Beef Jerky Weather

Reader Contribution by Lois Hoffman
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Winter seems to be hanging on and hanging on this year. It seems like at least once a week we are snowed in. A little bit of that can be good; cupboards are cleaned, closets are organized and the house seems to be in order.

Times like this I like to spend time in the kitchen. You know, simmering a home-made soup, baking bread, a new batch of applesauce from those few apples that are left—or, one of our favorites, making beef jerky. I know a lot of people use dehydrators to make jerky, but I still like to do it the old-fashioned way in the oven. The savory aroma lingers in the house all day long.

It has been a tradition in our family to always make a batch for hunting season. It’s easy for the guys to tuck some in their pockets as they head to the woods, and hopefully, it will bring them luck in bringing back fresh meat for more batches in the depth of winter. Venison makes the best jerky and is better for you, but if you don’t have access to any, beef does just fine.

As I cut up the meat I can almost picture Chester from Gunsmoke or Hop Sing from Bonanza starting a batch – well, maybe not Hop Sing! Besides, I am dating myself, so on to the recipe.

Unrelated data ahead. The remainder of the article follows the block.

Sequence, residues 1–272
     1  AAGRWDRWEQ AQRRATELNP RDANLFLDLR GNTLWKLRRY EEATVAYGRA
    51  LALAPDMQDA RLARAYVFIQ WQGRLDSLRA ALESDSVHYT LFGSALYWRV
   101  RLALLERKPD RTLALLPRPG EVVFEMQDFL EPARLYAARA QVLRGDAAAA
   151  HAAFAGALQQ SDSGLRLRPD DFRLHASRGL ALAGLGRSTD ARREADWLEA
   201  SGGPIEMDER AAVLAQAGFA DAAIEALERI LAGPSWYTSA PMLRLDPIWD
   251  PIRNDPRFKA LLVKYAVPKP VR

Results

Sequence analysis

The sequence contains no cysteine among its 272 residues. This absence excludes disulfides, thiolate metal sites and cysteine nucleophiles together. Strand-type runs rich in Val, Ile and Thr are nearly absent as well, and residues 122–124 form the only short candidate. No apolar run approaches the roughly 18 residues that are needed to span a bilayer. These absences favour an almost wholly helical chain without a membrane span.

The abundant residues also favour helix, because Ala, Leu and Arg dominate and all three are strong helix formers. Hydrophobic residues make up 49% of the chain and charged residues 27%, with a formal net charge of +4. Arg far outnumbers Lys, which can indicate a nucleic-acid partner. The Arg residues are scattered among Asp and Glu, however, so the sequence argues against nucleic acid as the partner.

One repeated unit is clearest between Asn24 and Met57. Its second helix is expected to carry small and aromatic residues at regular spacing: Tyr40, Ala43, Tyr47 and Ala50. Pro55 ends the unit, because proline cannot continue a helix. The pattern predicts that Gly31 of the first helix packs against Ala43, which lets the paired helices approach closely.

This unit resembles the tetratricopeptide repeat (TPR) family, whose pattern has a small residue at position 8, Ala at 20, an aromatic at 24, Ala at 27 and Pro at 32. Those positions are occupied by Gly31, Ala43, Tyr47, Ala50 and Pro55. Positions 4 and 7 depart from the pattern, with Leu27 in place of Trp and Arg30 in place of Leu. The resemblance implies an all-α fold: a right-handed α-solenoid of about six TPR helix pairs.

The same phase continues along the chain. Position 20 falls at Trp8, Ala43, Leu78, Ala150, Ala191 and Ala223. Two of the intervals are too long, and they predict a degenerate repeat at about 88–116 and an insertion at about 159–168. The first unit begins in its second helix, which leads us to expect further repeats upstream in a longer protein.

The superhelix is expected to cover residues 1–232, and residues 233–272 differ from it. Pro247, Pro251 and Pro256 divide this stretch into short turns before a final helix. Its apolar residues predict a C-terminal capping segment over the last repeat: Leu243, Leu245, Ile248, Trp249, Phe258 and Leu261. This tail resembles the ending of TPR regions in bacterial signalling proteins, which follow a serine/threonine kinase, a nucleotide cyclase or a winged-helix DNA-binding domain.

Beef Jerky

3 pounds venison or beef round steaks

1 tablespoon coarse salt

1 teaspoon onion powder

1 teaspoon garlic powder

1  1/2 teaspoons hickory seasoning (I use Wright’s Hickory Seasoning, also called Liquid Smoke)

3/4 teaspoon coarse black pepper

3/4 teaspoon Worcestershire sauce

3/4 cup soy sauce

1. Combine all seasonings, set aside.

2. Cut venison or beef in 1/4-by-2-inch strips, slicing across the grain.

3. Pour seasonings over meat and mix well, cover and refrigerate at least 8 hours, stirring twice.

4. Line 2 cookie sheets with foil. Drain liquid from meat, then arrange meat in single layer on cookie sheets.

5. Place cookie sheets in oven, set temperature at 250 degrees F. When oven reaches 250 degrees, turn oven off. When oven is cool, heat it to 250 degrees again and then turn it off and let it cool.

6. Drain excess liquid from meat as it accumulates in pan. Continue this cycle until meat is dry, about 8 hours.

7. Store in tight container in refrigerator.

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